That was quite the thunderstorm we had last night. While driving to work, I noticed a considerable number of small branches in yards as well as on the streets. I figured that wind was going to do some damage because of the color of those clouds. They reminded me a little of that horrible windstorm which took down trees and power lines on the 28th of May. Believe it or not, people are still dealing with the damage done by that wicked storm. Come the end of this year, don’t be surprised if you see many of North Iowa’s arborists driving expensive new pickup trucks and/or pulling new equipment behind them.
Compared to yesterday, I’d say I was busy enough to consider having compressed two days into one. Considering the activity I’ve been having, I’d say the market is getting back up to a normal speed, but unfortunately most of the buyers are looking for move-in condition homes. Just for example, I received a text this afternoon from an agent who showed one of my lower priced listings which went something like, “My buyer is passing on it because he feels it needs too much work.” After I read that, I thought to myself, “Too much work? That home has newer siding, newer roof, newer windows, and an furnace less than ten years old!” All I could see it needing, is a really good cleaning, painting, and replacing floor coverings in the few rooms that don’t have hardwood floors. Oh Mercy! How much more lazy and/or blind is our general public becoming? For me, bringing that home up to speed would be a cake walk.
Please put the word out on 716 S. Taylor’s price reduction today. It’s now reduced to the bargain basement price of $78,500. If that rock solid home doesn’t get sold, I’ll be fully convinced there really are no buyers left with vision. That home has NEVER had any water in its basement which is nearly unheard of in our City. The current owner lived there from the time it was built. With its basement being dry, there’s all the more available square footage of worry-free living. I warn nearly everyone about finishing off basements by saying, “You’d better be near-absolute positive your lower level doesn’t take in water, because if you finish it off and later find water, you’ll have a “yell” of a mess.” Don’t you think it’s always better to measure twice before sawing once?
One of my clients who’s been working on his house called yesterday asking me to drive over to his home and look at his flooring project, so off I went early this morning before the phones started ringing. Having not been in it for years, I’d forgotten how spacious it was. His call was to get my opinion on what to do with his kitchen and back entry floor. He’d originally planned on putting down laminate, but when he took up a loose corner of that once popular roll linoleum behind the stove, he discovered there to be an underlayment, and below that, a small exposed patch of hardwood flooring.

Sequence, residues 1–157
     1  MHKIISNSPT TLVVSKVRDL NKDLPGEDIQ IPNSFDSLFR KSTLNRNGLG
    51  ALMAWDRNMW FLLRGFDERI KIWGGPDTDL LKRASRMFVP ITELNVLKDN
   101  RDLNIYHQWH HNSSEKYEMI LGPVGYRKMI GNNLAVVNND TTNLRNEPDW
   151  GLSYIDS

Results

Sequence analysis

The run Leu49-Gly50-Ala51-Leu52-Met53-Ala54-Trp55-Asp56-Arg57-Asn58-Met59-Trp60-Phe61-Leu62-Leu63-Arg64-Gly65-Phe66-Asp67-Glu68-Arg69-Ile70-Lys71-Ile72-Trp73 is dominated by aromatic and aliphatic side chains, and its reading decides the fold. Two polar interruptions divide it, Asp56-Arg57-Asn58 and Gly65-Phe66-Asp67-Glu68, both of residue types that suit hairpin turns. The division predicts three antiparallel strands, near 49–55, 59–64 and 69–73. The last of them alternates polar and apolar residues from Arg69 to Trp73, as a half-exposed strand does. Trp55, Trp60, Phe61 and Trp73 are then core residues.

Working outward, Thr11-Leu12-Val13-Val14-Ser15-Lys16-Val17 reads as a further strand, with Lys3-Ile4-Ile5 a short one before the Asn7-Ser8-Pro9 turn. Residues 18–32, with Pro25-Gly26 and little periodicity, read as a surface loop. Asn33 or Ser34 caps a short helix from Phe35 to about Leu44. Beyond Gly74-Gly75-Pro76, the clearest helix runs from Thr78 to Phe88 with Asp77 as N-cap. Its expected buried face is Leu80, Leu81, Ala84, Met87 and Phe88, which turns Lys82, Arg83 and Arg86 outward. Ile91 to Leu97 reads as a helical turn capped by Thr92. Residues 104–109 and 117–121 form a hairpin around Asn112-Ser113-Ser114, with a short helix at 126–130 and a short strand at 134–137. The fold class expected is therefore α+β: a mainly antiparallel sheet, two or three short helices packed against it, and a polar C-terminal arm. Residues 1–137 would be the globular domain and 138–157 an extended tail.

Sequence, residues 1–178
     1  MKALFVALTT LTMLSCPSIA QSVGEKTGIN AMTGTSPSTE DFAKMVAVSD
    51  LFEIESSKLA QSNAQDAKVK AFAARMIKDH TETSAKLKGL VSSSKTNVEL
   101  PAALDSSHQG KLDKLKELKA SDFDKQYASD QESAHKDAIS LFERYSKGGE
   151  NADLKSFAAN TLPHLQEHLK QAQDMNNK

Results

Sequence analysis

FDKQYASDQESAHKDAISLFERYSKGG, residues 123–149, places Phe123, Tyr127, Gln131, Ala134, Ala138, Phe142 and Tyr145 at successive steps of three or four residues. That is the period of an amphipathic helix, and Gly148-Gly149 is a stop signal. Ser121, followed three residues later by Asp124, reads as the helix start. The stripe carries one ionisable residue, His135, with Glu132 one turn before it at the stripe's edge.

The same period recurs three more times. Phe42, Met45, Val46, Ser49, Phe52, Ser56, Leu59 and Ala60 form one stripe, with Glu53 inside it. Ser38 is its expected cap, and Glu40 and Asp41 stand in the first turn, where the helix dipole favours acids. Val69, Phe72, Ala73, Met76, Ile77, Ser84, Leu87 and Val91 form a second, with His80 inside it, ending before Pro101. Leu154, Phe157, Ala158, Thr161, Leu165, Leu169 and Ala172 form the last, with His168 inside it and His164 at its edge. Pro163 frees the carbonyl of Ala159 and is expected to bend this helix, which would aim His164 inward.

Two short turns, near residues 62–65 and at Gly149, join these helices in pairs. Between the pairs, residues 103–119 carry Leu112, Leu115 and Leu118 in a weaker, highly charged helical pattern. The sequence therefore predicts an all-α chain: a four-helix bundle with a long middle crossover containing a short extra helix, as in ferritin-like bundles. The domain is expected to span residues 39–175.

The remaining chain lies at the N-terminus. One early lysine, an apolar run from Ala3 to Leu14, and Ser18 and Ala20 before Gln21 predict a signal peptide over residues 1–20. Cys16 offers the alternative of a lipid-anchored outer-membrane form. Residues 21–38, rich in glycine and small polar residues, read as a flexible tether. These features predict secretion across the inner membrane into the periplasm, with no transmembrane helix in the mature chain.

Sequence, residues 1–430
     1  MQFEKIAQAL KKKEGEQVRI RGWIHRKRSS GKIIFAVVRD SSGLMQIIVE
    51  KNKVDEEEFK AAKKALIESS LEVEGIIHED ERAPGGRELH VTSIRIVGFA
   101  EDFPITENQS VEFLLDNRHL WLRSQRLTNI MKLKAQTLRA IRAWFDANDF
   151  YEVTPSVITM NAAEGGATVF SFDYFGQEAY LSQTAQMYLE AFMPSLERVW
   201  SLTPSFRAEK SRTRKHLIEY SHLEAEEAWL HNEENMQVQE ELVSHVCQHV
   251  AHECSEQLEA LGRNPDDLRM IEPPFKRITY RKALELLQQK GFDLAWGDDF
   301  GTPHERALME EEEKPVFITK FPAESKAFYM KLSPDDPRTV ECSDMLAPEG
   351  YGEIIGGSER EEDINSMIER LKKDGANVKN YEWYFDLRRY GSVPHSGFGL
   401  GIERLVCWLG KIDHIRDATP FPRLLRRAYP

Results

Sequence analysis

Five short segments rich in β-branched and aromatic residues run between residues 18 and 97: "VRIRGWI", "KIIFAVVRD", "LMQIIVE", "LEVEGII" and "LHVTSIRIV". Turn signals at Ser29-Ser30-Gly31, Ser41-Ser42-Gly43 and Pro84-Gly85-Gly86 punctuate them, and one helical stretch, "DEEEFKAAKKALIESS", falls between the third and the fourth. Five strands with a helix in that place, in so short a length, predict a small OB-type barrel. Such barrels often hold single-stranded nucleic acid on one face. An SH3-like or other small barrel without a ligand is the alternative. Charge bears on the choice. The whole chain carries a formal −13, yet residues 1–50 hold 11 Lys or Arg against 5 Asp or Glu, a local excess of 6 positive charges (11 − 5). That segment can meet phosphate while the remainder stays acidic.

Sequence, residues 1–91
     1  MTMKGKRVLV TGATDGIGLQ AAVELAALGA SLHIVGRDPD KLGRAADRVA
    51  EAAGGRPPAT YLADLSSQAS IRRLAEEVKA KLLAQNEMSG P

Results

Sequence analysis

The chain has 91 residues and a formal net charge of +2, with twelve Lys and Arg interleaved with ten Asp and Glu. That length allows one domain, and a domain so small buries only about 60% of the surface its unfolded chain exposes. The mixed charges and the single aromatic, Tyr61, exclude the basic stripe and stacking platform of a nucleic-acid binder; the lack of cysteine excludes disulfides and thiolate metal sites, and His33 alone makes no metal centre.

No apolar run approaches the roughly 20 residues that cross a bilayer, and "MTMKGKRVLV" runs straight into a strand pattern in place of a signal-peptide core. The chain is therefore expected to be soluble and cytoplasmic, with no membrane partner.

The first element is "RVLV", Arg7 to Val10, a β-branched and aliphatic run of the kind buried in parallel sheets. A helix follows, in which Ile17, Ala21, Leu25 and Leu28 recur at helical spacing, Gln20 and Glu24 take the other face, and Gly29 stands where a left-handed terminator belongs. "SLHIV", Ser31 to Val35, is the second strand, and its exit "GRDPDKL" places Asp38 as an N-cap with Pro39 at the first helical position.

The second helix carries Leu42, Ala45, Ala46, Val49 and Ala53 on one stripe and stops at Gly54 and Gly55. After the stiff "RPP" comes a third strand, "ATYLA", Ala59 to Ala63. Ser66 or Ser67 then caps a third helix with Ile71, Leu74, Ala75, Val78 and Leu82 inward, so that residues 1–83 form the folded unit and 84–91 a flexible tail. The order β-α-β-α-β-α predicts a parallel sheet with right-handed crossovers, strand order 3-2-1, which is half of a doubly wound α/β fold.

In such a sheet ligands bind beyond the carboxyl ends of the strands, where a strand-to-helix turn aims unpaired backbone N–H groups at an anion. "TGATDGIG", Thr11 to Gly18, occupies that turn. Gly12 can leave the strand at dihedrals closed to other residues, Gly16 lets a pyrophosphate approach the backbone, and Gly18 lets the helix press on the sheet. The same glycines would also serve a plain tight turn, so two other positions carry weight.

It took some convincing to get him to realize that hardwood floors of that quality would be considered a sin to keep covered. He insisted there must be something wrong with them due to one of the previous owners having installed linoleum. Since he’s not old enough to remember that back in the 60’s and 70’s, people were continually trying to make their old homes more “modern”, and nearly always just to impress family, friends, and guests. Why do you think there are so many beautiful old homes in our City with painted over woodwork? Whenever I find gorgeous oak and maple woodwork encapsulated with layers of ugly paint, I just want to ride back in a time machine and shake some sense into those people.
Isn’t it amazing how tastes have changed? Thirty or forty years ago people believed hardwood floors to be out of style and too hard to keep clean. Now it’s the opposite. Buyers pay big premiums for natural wood floors and woodwork. None of the corporate cabinet makers want to admit that nearly all of the pre-painted cabinets are made from compressed and glued sawdust, which they loving call “composite” materials. Now wouldn’t you rather have something made out of real wood instead of particles of wood and glue? Thank goodness the lightbulb went off with my client when finally making his decision to jerk up the lino and underlayment and refinish those original hardwood floors. Weeks from now, he’ll likely be calling to thank me for steering him in the right direction. Thank goodness there still are people who can flip their en-visioning switches back to “ON”.
Tonight’s one-liner is: Work like you don’t need the money, love like you’ve never been hurt, and dance like nobody’s watching.